22 of 26 people found the following review helpful
Bioshock 2 Review,
This review is from: BioShock 2 (PS3) (Video Game)
Bioshock 2 is something of a difficult game you may think to review. Sequel to a game which many said needed no sequel. Pointless, not needed, not wanted by the fans etc. What more could it bring to the table? After having played the game extensively I can tell you it brings a lot. It has a host of refinements, improvements, and quite frankly is a game which taken as a whole, I think will struggle to be bested by any other game this year.
Set 10 years after the first game, in Bioshock 2 you play as subject Delta, the first Big Daddy to be successfully paired with a Little Sister. Delta wakes up in Rapture at the beginning with little recollection as to what has come before. All he has is an unshakeable urge to find and be reunited with his Little Sister. To complicate matters, Rapture has a new leader in the form of Sophia Lamb, a Psychiatrist who has managed to unite the Splicers under the banner of 'The Family', a twisted cult she uses to serve her will. It's a great set-up, and one which leads you further into Rapture meeting a host of interesting characters. More complex than you would normally expect from a video game story, and without the slightly perplexing and damaging twists that were found in Bioshock, the story is one of the numerous areas where Bioshock 2 shines. It won't be as highly praised as the story found in the first, primarily because Rapture isn't a new and unknown entity this time around. This is sad because it's definetly as good, if not better than the first.
When it comes to the gameplay itself, Bioshock 2 has certainly been improved. This is primarily due to the fact you are now a Big Daddy with the ability to dual wield weapons and plasmids, which makes for some hugely entertaining firefights and combat experimentation. Combat itself is also far more intense, and you will often find yourself far more overwhelmed than in the first game. This is no bad thing however, as the intensity never drops and you will find yourself excited from beginning to end. Control wise, Bioshock 2 is very smooth. It may not be as twitch perfect as other top shooters on the market such as Modern Warfare 2, but it actually works in the games favour. It's far more of a thinking mans FPS, with the ability to lay traps, call upon bots for help and dupe your enemies with the use of plasmids. As previously stated, it is very intense but you will never feel rushed or under so much pressure that you miss a shot, and if you do it's your own fault and not that of a faulty control setup.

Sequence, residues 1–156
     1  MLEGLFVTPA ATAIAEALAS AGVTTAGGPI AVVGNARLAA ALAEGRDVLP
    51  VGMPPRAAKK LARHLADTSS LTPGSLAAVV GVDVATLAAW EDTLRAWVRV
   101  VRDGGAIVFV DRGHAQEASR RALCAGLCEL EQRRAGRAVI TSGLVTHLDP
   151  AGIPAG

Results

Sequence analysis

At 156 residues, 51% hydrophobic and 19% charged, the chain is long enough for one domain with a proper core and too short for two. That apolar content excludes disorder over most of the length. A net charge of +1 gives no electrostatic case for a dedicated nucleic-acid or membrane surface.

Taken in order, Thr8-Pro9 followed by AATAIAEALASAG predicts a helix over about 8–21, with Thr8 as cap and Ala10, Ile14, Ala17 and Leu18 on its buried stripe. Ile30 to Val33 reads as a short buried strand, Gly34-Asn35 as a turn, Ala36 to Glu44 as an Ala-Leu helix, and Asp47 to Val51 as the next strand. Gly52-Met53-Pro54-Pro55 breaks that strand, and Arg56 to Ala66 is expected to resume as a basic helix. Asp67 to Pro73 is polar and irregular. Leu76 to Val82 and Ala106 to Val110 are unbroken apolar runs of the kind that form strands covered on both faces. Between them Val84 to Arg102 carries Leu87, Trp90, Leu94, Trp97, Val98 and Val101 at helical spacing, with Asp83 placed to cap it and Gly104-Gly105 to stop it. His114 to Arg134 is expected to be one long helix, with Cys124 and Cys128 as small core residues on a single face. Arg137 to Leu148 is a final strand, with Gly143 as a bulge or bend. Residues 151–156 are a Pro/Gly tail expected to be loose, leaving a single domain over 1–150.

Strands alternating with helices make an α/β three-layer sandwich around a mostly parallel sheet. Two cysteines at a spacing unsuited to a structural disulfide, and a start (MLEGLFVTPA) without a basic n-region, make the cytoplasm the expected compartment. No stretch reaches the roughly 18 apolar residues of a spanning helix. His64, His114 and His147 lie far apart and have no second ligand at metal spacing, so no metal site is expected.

The biggest, and most exciting addition to the gameplay though is the ability to use Little Sisters to harvest Adam from bodies. You first have to take down their own Big Daddy, and once that is done you are left with a choice of whether to harvest or adopt them. If you adopt them, you then take on the role of protector, and are able to Harvest dead bodies for Adam for use for upgrades. These scenes are where the game is at it's most intense, as you have to hold off gangs of Splicers intent on stealing that Little Sister from you. It's a very interesting role reversal of the Big Daddy fights from the first game, and one which I relished from beginning to end.
Perhaps the most well documented and hyped element of Bioshock 2 is the addition of the Big Sisters. Under the control of Sophia Lamb, the Big Sisters are beings who were once Little Sisters, who couldn't resist the call of Rapture even when returned to land. They are your toughest enemy and usually arrive when you have finished gathering Adam with you Little Sister. Lighter, faster, and more fear inducing than the Big Daddies, the fights you have with them are intense, but this is probably the games weakest new addition. Once you have upgraded enough, the Big Sisters, while still tough, become more of an annoyance rather than something you dread. They never become easy fights, but start to feel like a chore the more the game goes on.
The single player clocks in at about 10 hours, which feels ideal. Due to the multiple difficulties, vast array of Plasmids, and numerous different possible endings it is a game that is meant to be replayed. It doesn't outstay it's welcome, but still leaves you excited to replay it, one of the markers of a great game in my opinion.